The discovery of 56 stone tools four feet underground in the Texas Hill Country makes certain what most archaeologists have suspected for a while - that human beings were in the Americas at least 15,000 years ago.
That date is about 2,000 years before the appearance of the so-called "Clovis culture" whose distinctive fluted and notched arrowheads are the earliest widely found human artifacts in North America.
Evidence for "pre-Clovis" human activity has been accumulating for decades as archaeologists have found a few unusually old sites in places as far apart as coastal Chile and central Pennsylvania.
But there were always problems - a jumbling of deposits, uncertainties of dating - that made some archaeologists doubt the age of those discoveries, Washington Post reports.
The study appears in the April issue of the journal Science.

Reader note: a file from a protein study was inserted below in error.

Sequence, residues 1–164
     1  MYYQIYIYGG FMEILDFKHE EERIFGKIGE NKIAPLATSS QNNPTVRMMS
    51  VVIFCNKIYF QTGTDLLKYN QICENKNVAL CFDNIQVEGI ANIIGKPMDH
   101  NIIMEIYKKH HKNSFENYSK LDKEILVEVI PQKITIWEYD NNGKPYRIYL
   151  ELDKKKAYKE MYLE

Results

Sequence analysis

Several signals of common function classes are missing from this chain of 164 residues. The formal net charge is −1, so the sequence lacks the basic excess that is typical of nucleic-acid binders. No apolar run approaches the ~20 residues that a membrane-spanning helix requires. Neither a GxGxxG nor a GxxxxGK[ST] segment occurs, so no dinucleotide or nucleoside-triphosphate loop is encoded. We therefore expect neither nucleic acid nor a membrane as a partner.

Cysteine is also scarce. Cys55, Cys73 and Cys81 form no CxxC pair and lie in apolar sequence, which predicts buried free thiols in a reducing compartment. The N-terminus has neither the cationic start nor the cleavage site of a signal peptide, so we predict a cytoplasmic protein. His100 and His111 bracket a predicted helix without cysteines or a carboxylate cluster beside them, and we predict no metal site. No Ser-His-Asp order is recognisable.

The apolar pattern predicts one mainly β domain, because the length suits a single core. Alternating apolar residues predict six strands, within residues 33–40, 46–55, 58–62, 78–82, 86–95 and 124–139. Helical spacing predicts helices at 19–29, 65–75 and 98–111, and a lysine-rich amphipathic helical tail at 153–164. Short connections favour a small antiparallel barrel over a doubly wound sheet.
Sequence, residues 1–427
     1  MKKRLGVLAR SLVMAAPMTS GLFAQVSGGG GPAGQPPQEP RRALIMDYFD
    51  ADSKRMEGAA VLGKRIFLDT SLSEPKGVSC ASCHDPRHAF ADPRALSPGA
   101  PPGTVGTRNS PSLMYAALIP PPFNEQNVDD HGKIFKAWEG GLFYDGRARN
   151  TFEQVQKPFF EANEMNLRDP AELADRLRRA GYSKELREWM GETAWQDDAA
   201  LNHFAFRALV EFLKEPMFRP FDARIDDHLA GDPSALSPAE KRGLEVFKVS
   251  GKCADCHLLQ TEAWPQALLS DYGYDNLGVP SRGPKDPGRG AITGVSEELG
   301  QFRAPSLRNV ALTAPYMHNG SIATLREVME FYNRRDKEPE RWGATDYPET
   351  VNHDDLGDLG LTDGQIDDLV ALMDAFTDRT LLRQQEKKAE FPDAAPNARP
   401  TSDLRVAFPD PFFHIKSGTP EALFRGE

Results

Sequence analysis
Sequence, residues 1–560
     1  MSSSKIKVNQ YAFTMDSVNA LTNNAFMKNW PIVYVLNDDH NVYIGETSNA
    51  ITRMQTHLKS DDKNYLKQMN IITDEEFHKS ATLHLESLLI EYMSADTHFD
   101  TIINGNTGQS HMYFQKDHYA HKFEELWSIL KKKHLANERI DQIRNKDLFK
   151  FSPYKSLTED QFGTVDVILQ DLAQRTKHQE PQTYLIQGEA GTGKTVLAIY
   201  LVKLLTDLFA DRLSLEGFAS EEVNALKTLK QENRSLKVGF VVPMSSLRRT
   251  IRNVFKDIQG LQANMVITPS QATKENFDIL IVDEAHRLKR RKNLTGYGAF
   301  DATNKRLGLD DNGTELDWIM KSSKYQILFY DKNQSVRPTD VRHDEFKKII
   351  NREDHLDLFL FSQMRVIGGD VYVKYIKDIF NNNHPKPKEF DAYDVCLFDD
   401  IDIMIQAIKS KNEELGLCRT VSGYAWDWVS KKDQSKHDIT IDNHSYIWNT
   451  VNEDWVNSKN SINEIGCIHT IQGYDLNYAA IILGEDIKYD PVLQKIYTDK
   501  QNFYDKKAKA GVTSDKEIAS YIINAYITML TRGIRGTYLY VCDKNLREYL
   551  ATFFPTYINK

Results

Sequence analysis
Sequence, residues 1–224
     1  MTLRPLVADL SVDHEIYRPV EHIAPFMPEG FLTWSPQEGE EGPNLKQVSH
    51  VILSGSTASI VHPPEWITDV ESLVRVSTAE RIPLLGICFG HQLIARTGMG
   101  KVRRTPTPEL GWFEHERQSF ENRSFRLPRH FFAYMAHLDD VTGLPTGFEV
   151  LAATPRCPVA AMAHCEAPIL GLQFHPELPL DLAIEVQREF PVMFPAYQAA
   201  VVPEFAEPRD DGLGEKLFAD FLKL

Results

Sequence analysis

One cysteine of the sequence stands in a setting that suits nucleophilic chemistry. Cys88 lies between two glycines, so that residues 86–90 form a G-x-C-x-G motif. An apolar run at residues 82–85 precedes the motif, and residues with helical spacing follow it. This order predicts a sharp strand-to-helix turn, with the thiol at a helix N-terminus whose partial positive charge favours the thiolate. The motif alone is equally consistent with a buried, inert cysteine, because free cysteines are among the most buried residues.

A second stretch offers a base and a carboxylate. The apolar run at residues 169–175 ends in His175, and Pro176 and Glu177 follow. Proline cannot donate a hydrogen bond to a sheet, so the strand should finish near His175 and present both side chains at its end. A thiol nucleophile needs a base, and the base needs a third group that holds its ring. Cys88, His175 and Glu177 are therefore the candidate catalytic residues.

For the last 100 years, archeologists have believed that the Clovis people were the first to enter the Americas about 13,000 years ago. Artifacts found by this study now place that time back 2,500 years, or to about 15,500 years ago.
At the Debra L. Friedkin archeological site, located about 10 miles outside of Salado in Central Texas, the Baylor researchers, along with their colleagues, found nearly 16,000 artifacts that predated the Clovis people.
Most the artifacts were chipping debris from the making and reshaping of tools, however, about 50 artifacts were tools themselves such as knives and projectile points.
The dating process placed these artifacts back to about 15,500 years ago. This find is not only the earliest evidence of human occupation in North, South and Central America, it also has the largest number of artifacts dating to the pre-Clovis time period, Baylor University reports.
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